In contrast, black parents are being forced to tell their children to stay in the car, keep their hands on the wheel at all times and to address officers as yes sir, no sir, etc. They’re forced to start talking to their children about police and racism at a very early stage in their young lives. Do we ever do that in white households? Not mine. And, I bet not yours either, if you’re a white person like me.
If I were George Floyd, Eric Garner, Tony McDade, Breonna Taylor, or countless other black men and women (trans and/or cis) dying from the hands of police, I would’ve been shot, detained, choke held, tased, thrown to the ground, arrested and charged in some way that day. But, instead, I was asked to go back to my car and told that he’d be “right with me.” He did that because he had no bias against me. It’s as simple as that. And, it’s not because I am a woman. Male family members have shared similar stories with me.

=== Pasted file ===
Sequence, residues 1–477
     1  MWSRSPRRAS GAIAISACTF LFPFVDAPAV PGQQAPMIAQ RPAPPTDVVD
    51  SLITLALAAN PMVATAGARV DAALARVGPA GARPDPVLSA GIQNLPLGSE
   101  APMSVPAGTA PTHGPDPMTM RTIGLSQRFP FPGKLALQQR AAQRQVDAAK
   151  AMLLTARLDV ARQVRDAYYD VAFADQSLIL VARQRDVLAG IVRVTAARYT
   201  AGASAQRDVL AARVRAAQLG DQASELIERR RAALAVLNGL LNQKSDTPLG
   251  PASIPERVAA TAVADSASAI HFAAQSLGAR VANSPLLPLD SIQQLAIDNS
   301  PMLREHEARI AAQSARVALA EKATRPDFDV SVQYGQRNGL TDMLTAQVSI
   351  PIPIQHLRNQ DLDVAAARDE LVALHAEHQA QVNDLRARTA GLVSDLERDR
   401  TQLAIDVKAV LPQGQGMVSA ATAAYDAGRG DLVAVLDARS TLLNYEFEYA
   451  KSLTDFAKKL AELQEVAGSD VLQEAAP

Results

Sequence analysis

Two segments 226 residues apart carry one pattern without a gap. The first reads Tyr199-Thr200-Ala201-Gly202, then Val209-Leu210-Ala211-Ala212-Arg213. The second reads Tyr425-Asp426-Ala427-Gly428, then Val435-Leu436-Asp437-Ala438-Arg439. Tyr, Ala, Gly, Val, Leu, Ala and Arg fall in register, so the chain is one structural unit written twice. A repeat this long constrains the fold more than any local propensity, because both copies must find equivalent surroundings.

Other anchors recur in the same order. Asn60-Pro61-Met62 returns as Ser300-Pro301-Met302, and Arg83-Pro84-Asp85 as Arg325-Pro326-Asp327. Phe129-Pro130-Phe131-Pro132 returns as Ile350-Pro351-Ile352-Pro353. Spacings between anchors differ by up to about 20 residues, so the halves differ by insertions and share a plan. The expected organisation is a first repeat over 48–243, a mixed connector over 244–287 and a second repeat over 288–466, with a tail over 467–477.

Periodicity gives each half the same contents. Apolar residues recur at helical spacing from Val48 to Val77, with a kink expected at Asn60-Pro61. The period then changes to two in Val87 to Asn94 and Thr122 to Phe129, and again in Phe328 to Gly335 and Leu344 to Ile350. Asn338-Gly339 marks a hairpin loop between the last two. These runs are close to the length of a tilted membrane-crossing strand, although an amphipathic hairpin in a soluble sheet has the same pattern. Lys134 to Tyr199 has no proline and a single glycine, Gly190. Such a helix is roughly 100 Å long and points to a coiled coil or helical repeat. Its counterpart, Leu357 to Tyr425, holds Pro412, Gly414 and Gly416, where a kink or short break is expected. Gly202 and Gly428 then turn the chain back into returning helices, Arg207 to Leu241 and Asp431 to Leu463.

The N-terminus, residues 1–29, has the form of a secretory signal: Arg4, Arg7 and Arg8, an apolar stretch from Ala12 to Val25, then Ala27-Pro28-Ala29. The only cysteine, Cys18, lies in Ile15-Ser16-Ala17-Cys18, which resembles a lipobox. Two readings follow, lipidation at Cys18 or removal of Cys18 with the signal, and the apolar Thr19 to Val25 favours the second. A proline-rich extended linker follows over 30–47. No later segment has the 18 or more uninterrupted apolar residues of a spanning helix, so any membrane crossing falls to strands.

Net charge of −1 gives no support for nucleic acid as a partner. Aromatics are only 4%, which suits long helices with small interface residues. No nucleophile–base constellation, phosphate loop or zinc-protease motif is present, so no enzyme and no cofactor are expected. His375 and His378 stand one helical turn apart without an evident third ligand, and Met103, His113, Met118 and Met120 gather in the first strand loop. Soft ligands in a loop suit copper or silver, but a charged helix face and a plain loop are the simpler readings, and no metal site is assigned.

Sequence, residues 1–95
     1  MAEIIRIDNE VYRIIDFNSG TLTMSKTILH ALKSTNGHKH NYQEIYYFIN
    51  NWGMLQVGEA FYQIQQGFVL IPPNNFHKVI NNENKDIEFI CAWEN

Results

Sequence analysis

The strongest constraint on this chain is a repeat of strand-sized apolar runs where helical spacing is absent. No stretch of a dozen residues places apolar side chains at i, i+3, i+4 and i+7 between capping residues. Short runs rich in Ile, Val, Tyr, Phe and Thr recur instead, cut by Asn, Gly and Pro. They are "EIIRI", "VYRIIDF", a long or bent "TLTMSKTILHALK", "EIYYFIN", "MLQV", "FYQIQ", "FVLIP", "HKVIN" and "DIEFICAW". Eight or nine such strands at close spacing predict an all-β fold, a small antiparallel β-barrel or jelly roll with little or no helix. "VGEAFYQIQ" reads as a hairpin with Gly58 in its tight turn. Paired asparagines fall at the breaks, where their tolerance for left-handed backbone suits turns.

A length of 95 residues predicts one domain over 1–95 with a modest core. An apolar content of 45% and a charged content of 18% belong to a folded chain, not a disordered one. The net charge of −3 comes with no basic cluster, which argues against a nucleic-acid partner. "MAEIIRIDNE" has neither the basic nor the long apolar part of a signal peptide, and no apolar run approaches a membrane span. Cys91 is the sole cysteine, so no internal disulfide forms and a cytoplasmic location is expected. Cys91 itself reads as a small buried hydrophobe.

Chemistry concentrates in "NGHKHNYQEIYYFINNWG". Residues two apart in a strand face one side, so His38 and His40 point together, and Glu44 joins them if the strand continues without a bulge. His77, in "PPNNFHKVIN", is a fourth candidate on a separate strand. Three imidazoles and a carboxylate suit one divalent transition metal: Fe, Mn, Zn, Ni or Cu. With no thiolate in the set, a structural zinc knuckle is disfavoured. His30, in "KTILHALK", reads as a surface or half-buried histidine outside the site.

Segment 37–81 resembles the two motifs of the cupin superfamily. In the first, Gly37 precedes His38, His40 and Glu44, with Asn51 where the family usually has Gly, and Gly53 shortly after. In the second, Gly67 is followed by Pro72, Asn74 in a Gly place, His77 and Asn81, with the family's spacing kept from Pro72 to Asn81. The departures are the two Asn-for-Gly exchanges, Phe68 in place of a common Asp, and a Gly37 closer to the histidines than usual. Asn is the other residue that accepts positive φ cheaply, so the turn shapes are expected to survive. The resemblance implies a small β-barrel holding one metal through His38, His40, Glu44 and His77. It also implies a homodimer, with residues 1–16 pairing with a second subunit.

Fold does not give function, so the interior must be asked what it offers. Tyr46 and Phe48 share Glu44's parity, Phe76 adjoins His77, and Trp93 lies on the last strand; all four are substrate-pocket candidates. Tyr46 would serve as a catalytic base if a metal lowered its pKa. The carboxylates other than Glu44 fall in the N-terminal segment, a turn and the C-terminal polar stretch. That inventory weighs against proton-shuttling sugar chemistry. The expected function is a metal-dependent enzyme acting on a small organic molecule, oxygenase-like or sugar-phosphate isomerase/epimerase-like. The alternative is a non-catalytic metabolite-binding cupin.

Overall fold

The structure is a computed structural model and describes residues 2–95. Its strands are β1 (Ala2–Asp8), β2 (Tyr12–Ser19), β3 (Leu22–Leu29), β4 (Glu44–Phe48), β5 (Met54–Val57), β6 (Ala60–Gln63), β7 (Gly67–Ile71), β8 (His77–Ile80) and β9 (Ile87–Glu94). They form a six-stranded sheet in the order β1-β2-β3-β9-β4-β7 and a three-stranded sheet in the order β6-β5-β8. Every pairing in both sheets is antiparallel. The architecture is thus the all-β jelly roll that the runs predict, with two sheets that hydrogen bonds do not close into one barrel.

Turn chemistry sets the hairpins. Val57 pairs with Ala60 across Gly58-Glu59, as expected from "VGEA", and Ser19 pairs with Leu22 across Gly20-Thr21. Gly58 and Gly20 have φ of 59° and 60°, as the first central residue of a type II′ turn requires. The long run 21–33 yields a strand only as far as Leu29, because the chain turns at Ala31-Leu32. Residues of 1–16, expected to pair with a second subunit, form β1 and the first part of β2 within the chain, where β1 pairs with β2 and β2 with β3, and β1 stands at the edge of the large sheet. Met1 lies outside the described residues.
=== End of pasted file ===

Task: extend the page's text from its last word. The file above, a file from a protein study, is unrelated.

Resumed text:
All over the social media sphere, I see countless posts of white folks chiming in about how “good” the police is and what a great job is being done in their communities. Well, they have been good to me too. The common denominator here is that most of the police is good to us white folks. That is because white folks do not have the same interaction with police that black folks and other people of color do—we never have and never will. Our opinion of certain officers and departments will never be the same as black people or people from other marginalized groups. It will never be the same because we have never been the targets of their racial/ethnic bias. That is why I will never use my voice to exalt a department or a police officer because my skin color will never be a reason for mistreatment by those in power, by those who mercilessly killed George Floyd, for all 8 minutes and 46 seconds and prior to when he took his last breath, which was before that time ended.